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What's the difference between Glutamine, L-glutamine, Glutamic Acid, and Glutamine Peptides?
Glutamine is the amino acid in its free-form, which means it's in its whole food state, whenever you eat foods such as almonds and peanuts your ingesting glutamine amino acids. L-Glutamine is basically the same thing. Its glutamine in its free-form (whole food). The majority of supplement companies sell L-glutamine and tout it as the best form, which it is not.
Glutamic Acid is familiar if one turns over their container of protein powder and sees "glutamic acid". Why not glutamine instead of glutamic acid? "The reason is that the acid hydrolysis stage of the analysis converts the glutamine into glutamic acid, releasing ammonia. Thus the glutamic acid level actually represents the combined levels of glutamine and glutamic acid." (ref). One can figure out the amount of glutamine in the glutamic acid content fairly easy. In animal proteins such as whey, casein, milk, and egg proteins 50% is actually glutamine. In plant proteins such as soy, 80% is glutamine.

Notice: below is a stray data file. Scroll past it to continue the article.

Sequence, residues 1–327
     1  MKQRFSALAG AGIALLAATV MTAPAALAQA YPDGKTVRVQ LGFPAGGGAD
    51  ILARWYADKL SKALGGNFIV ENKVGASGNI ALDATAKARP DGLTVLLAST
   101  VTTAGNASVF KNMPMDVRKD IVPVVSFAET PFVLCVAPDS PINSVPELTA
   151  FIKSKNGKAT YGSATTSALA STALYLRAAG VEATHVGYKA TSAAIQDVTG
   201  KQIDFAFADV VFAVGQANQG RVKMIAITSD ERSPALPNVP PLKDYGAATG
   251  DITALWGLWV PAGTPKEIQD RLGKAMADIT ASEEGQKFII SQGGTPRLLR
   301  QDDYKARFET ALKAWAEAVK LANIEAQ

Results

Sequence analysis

Glutamine Peptides in Layman's Terms
To understand the differences in glutamine peptides and regular glutamine, one must first obtain the knowledge of exactly what are peptides and how they are different from free form amino acids. Peptides are amino acids broken down into their smaller more digestible form using the hydrolyzation process. Only hydrolyzation can produce the smaller peptides, superior to free form amino acids and larger peptides currently found in your whey proteins that are produced NOT using the hydrolyzation method. The supplement companies make it sound difficult because there is a small amount of peptides that occur naturally, regularly commercially produced whole-protein supplements. Unfortunately, what the don't tell you is that these are the larger peptides with a high molecular weight, which is different from smaller di and tri peptides that are produced using the hydrolyzation method.
Several studies have shown that smaller peptides are better absorbed than larger peptides and regularly manufactured protein.
1. Amino acids from peptides are more readily absorbed than free-form amino acids, thus producing a greater insulin reaction.
2. Humans fed smaller peptides compared to whole-protein foods had a greater increase in amino acid levels.
3. Hydrolysated products produce greater pharmacological effects (increasing gh - growth hormone (somatropin) - and insulin response).
4. OLIGOPEPTIDES are LARGER PEPTIDES, which are absorbed much SLOWER than small tri and di peptides. Supplement companies try to use the word "oligopeptides" to fool the customer with scientific mumbo-jumbo when they're actually stabbing themselves in the back!